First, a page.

When the weather is cold, wet, and a little bit miserable all round, it’s tempting to just stay in doors all day. Until cabin fever sets in! Especially when you have two very energetic boys and live in a small inner city apartment. So unless the weather is *really* horrendous (we’re talking lashing rain and high winds, which aren’t just unpleasant but can also be dangerous) we are firm believers in the “there is no such thing as bad weather, just wrong clothing” philosophy and try to get outside at least once a day. The local park is perfect for a game of frisbee or kicking a ball around, even in Winter, but in Edinburgh we are very lucky to have lots of green spaces to choose from – duck ponds, woodland walks, the Botanic Gardens and the Union Canal are all places we like to visit in all seasons.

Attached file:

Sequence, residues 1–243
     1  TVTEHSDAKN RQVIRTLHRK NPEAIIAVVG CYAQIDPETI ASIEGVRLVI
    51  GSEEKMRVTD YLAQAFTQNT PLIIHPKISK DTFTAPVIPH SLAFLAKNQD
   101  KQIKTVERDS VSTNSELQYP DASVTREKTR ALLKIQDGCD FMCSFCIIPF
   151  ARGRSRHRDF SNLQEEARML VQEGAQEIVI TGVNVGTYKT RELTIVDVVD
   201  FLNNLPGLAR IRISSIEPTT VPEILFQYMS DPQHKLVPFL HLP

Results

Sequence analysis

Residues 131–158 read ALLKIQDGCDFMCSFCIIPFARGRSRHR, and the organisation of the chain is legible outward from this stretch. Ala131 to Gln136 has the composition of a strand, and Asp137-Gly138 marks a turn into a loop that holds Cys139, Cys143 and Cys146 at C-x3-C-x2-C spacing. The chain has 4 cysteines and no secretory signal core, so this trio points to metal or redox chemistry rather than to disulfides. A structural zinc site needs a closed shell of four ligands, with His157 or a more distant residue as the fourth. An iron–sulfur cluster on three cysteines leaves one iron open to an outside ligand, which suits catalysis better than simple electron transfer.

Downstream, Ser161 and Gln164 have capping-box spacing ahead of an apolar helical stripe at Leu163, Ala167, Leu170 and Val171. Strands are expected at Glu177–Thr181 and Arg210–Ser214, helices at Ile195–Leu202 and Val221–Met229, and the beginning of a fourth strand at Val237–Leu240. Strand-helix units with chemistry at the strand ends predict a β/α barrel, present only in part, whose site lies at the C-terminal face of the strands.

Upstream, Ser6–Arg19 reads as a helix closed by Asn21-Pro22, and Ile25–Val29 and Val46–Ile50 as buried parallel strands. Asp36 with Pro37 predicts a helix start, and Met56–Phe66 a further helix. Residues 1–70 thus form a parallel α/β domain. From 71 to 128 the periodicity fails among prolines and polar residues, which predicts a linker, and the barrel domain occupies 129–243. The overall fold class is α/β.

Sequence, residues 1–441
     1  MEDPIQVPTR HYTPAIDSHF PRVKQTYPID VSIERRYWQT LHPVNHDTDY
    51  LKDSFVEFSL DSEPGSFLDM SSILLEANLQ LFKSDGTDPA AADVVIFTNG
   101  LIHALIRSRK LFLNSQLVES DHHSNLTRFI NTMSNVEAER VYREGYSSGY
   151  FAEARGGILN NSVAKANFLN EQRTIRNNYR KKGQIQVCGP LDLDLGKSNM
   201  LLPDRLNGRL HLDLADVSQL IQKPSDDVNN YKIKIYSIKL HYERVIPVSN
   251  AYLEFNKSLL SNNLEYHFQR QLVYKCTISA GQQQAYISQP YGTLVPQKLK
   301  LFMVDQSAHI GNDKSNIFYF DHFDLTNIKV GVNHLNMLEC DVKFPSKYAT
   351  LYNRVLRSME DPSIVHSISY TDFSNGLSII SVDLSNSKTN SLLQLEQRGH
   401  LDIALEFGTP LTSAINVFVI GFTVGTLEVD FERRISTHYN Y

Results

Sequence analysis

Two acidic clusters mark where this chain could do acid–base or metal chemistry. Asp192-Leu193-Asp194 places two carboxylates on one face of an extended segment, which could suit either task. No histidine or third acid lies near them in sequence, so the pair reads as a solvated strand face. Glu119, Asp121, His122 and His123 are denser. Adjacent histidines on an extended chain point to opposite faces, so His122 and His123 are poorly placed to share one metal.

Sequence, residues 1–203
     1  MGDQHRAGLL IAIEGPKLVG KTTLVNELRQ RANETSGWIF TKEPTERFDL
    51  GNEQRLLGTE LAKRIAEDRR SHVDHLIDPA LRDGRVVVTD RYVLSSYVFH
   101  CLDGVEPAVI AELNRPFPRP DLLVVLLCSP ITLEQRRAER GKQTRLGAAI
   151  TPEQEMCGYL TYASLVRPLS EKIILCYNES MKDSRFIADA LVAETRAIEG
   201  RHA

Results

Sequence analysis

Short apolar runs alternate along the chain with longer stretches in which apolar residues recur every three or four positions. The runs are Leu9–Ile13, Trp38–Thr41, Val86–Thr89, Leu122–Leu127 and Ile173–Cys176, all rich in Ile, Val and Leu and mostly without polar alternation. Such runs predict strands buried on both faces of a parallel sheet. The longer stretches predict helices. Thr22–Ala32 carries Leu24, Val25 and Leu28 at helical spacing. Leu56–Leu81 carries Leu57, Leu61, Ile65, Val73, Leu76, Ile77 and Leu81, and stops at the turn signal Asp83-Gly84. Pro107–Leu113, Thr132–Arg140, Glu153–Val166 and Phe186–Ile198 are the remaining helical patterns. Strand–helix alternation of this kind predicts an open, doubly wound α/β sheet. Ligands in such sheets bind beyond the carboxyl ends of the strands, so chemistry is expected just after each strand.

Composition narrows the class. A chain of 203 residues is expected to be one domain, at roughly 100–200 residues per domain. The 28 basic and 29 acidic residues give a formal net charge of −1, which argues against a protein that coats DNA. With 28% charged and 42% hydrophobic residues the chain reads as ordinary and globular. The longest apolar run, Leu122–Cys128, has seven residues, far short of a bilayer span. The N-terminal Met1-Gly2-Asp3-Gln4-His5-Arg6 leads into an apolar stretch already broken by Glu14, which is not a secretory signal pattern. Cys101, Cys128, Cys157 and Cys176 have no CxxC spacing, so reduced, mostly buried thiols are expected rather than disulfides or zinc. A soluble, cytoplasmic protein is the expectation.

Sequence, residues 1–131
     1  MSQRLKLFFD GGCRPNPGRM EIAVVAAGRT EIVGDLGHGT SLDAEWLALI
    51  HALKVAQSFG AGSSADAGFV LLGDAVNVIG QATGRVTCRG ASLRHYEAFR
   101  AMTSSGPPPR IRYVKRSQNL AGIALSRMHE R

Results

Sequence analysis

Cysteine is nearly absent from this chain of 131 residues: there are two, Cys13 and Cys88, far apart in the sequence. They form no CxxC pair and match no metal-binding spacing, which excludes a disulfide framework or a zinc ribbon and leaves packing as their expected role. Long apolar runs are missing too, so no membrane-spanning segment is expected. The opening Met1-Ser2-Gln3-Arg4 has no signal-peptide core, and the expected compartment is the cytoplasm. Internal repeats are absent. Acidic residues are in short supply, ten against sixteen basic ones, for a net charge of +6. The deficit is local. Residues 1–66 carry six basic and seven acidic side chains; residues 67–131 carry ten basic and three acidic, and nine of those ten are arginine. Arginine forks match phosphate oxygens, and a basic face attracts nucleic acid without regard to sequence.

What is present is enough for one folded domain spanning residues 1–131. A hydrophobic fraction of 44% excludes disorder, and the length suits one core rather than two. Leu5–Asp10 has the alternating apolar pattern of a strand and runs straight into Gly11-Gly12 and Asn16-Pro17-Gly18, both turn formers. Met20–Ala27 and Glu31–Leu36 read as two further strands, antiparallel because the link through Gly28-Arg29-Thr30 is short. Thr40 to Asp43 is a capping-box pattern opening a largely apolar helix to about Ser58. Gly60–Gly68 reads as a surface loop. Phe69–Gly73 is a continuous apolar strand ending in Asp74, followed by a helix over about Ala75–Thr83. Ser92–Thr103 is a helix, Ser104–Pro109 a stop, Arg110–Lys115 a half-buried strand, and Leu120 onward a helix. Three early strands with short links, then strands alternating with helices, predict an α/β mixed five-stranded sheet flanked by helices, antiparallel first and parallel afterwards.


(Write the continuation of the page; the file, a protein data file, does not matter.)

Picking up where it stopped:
Warm Up with a Hot Drink
And what better excuse than a Winter walk or park trip, to pop in to a favourite cafe afterwards and warm up over a hot drink – and maybe a cheeky slice of cake! Luckily, there are plenty of family friendly cafes in Edinburgh to choose from. The boys’ number one choice to drink is, unsurprisingly, hot chocolate. But they are also partial to a cup of mint or Rooibos tea – especially Oskar – which are also my favourites at the moment, so I usually order a pot and some extra cups. If your kids don’t like tea and you want to cut back on the chocolate, then how about some warmed up juice? Mr Fox is really into his hot apple juice, which he refers to as ‘apple tea’. And then for those extra chilly evenings, when the children are already tucked up in bed, there’s always the opportunity of a hot toddy for us grown-ups!
Grab Some Extra Warmth